‘End Days’ leaves audiences happy

“End Days” features Sara Morsey as a wife and mother who often encounters Jesus, played by Mark Woollett, at the Hippodrome State Theatre through Jan. 30.

Published: Thursday, January 13, 2011 at 6:01 a.m.
Last Modified: Wednesday, January 12, 2011 at 1:19 p.m.

Remember Roger Miller, that zany musical genius who wrote, “You can’t roller skate in a buffalo herd, but you can be happy if you’ve a mind to”? His quirky observation comes to mind while watching “End Days,” Deborah Zoe Laufer’s wacky, wonderful and endearing comedy at the Hippodrome State Theatre.


‘End Days’

What: Deborah Zoe Laufer’s comedy about a quirky family and the member’s acceptance of each other.
When: 8 p.m. Tuesdays, Thursdays and Fridays, 5 and 8:30 p.m. Saturdays, 2 and 7:30 Sundays through Jan. 30
Where: Hippodrome State Theatre, 25 SE Second Place
Tickets: $25-$30, $20 seniors and military personnel, $12 students; all seats are $12-$15 for tonight’s preview.
Info: 374-4477 or www.thehipp.org

“Having a mind to be happy” is what “End Days” is all about for the characters in Laufer’s play, a disparate foursome who make up the Stein family (plus one). From the moment “End Days” begins with a Hebrew chant and a Christian melody heard in a kind of mash, followed by the entrance of 16-year-old Nelson, a would-be Elvis singing “Rachel Stein” to the tune of “Love Me Tender,” audiences are hooked. Smiles are all around the theater.

The Stein family doesn’t have to negotiate a buffalo herd in their lives, but each of them suffers from emotional distress related to the events of Sept. 11. Arthur, a former executive who worked in the twin towers of New York City, has not left the family’s condo in days. Wearing pajamas, he lies slumped across the kitchen table, unable to sleep at night and napping all day.

Sylvia, formerly an orthodox Jewish wife, has become a Christian evangelist who walks and talks with Jesus at her side. Literally. (Invisible to others, a bearded Jesus dressed in flowing robes, responds to her every word.) Daughter Rachel, a rebellious and angry 16-year-old, dresses like a goth complete with heavy makeup and an outfit straight out of Marilyn A. Wall’s fabulous Charles Addams collection. A math and physics whiz, Rachel has no wish to be saved by Sylvia’s passionate pleas to accept Jesus. Sylvia lives for the day when the world ends, but she doesn’t want to be saved if Rachel is left behind.

Enter Nelson. Knocking on the door of the dysfunctional family’s condo, this sweet, nerdy adolescent searches for Rachel with whom he has fallen in love. Nelson has no ax to grind, or, you could say he has many axes, all blunt, all good. Nelson is empathetic with Arthur, inquisitive and acquiescing with Sylvia, enthusiastically scientific with Rachel. He encourages her to read Stephen Hawking’s books and wears her down with his acceptance of her family’s eccentricities.

Nelson, who is converting from Christianity to Judaism, sings his torah portion to Arthur and gets him to respond. The condo’s pantry, bare of groceries for an indeterminate time, is filled with food when Nelson moves Arthur to go grocery shopping. Nelson goes to an evangelical meeting with Sylvia and, impressed by the enthusiasm, is willing to go every Sunday. He finds nothing odd or conflicting about taking part in two religions. He really lights up when talking to Rachel about the origin of the universe and the big bang. Reason? Fine. Faith? Fine. There’s no conflict for him as, little by little, he knits together this fragmented family.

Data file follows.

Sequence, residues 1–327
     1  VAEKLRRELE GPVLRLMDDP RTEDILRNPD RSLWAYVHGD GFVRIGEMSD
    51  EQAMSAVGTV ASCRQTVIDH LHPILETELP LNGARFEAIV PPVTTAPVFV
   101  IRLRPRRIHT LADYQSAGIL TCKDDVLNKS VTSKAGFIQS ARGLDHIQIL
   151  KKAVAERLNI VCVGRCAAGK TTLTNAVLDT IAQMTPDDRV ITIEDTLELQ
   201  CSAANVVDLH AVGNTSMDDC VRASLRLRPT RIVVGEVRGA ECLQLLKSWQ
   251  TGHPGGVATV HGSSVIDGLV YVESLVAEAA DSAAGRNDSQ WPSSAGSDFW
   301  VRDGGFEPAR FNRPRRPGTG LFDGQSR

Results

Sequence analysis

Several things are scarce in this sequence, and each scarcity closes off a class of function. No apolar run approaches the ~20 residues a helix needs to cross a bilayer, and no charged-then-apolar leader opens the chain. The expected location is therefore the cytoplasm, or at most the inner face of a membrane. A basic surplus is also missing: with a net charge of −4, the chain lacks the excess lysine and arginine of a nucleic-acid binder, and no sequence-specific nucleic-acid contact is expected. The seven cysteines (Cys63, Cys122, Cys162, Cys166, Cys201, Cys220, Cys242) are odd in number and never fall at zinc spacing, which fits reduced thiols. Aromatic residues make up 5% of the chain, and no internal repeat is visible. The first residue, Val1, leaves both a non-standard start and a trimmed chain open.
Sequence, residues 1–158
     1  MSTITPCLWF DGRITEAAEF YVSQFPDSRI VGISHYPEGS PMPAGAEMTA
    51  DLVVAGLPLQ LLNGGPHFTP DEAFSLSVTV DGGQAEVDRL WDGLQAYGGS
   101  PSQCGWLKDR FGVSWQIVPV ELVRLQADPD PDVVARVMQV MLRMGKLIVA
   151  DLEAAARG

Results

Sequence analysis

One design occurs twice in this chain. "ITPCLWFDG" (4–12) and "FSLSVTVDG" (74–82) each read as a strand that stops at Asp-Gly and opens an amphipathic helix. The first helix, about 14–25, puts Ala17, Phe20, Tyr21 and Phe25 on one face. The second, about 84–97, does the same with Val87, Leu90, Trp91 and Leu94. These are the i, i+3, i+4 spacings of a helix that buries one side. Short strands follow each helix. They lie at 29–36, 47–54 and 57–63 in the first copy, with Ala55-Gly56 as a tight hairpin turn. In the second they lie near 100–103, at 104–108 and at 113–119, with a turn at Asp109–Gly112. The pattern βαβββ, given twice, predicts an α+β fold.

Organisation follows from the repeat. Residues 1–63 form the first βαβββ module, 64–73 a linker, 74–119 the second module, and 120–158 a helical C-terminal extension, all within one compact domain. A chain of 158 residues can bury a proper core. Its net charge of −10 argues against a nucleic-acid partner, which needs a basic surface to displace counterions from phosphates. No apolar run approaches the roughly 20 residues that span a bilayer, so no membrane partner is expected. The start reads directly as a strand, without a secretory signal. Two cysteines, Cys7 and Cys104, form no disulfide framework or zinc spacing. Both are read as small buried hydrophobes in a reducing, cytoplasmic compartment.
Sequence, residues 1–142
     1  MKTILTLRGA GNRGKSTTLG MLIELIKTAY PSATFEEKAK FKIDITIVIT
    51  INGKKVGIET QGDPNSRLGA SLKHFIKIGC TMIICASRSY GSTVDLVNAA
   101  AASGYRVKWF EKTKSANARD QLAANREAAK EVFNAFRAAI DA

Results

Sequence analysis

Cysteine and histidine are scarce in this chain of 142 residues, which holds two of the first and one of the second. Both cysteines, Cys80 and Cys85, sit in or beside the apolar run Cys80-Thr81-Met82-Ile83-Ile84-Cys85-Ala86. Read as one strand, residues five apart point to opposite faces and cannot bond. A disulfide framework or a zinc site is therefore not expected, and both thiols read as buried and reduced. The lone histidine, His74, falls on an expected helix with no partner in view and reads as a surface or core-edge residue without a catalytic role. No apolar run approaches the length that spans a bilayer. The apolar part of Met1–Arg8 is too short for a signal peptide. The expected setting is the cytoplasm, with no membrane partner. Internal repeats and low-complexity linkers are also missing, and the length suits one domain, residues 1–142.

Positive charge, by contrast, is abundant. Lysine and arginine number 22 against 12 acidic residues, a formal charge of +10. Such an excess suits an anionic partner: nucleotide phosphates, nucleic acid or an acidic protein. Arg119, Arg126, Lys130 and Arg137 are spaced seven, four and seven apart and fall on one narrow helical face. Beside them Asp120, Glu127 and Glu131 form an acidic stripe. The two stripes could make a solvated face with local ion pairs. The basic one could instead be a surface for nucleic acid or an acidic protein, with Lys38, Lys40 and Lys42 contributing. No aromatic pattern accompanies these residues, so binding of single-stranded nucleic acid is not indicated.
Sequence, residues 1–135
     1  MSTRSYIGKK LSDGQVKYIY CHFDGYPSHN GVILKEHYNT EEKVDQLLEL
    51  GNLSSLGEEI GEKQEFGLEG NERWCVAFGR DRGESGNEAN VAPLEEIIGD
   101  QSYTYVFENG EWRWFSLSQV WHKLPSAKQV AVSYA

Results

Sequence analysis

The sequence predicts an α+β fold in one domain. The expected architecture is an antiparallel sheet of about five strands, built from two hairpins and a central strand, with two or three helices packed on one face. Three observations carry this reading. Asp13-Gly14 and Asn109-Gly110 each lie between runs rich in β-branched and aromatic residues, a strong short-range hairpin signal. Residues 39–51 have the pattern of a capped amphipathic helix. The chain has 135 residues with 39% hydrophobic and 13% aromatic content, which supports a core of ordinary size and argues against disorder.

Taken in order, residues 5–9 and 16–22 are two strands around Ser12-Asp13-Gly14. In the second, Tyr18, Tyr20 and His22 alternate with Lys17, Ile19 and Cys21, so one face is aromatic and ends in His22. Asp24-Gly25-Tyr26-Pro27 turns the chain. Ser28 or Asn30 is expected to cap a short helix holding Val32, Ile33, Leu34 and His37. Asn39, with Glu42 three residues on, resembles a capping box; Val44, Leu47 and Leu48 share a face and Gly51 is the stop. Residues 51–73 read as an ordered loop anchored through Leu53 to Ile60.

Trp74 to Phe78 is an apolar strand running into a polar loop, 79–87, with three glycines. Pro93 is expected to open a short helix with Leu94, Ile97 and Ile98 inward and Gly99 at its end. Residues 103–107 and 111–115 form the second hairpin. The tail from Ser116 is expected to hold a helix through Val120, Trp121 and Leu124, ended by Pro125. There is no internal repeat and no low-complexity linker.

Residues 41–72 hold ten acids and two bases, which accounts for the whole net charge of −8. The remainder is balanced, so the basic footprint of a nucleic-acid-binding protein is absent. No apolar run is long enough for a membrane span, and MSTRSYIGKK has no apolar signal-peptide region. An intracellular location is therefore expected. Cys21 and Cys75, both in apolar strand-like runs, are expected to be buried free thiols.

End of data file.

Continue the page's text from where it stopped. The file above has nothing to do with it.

The problem arises when Sylvia misinterprets Jesus and believes the world will end on Wednesday, specifically. She lines up the family to wait for the Rapture, and you find yourself rooting for her. Let the world end — Sylvia should not be disappointed! When things don’t turn out exactly as planned, Arthur asks if what they have here today isn’t enough? Can’t they just enjoy each other in the moment? He helps Sylvia to see that she is not a failure, but someone who does good in the world. Sylvia and Arthur have what seems like an awkward reconciliation, a fault of the author, who hasn’t given them much to work with in the way of affection along the way to make their love believable.

Lauren Caldwell has given her usual expert direction to a fine group of ensemble actors, however. Credit David Sitler for playing the morose-but-salvageable Arthur with a slowly awakening zest for life. Sara Morsey, as Sylvia, gives a moving performance as she struggles to choose between faith and family. Jennifer Smith as Rachel is totally delightful both when she’s a brat and when she’s daddy’s little girl. Mark Woollett is very funny in the dual roles of Jesus and Stephen Hawking.

But the show’s treat is Filipe Valle Costa, who plays Nelson. Costa makes Nelson a completely lovable character; inquisitive, accepting, giving, passionate, kind. Speaking with the author’s voice, he is saying that it’s all good: Christianity, Judaism, science, faith. Whatever road you choose to take, “you can be happy if you’ve a mind to.”

You don’t have to set your mind at happy when you watch “End Days.” Costa and the Hipp’s production will do that for you.

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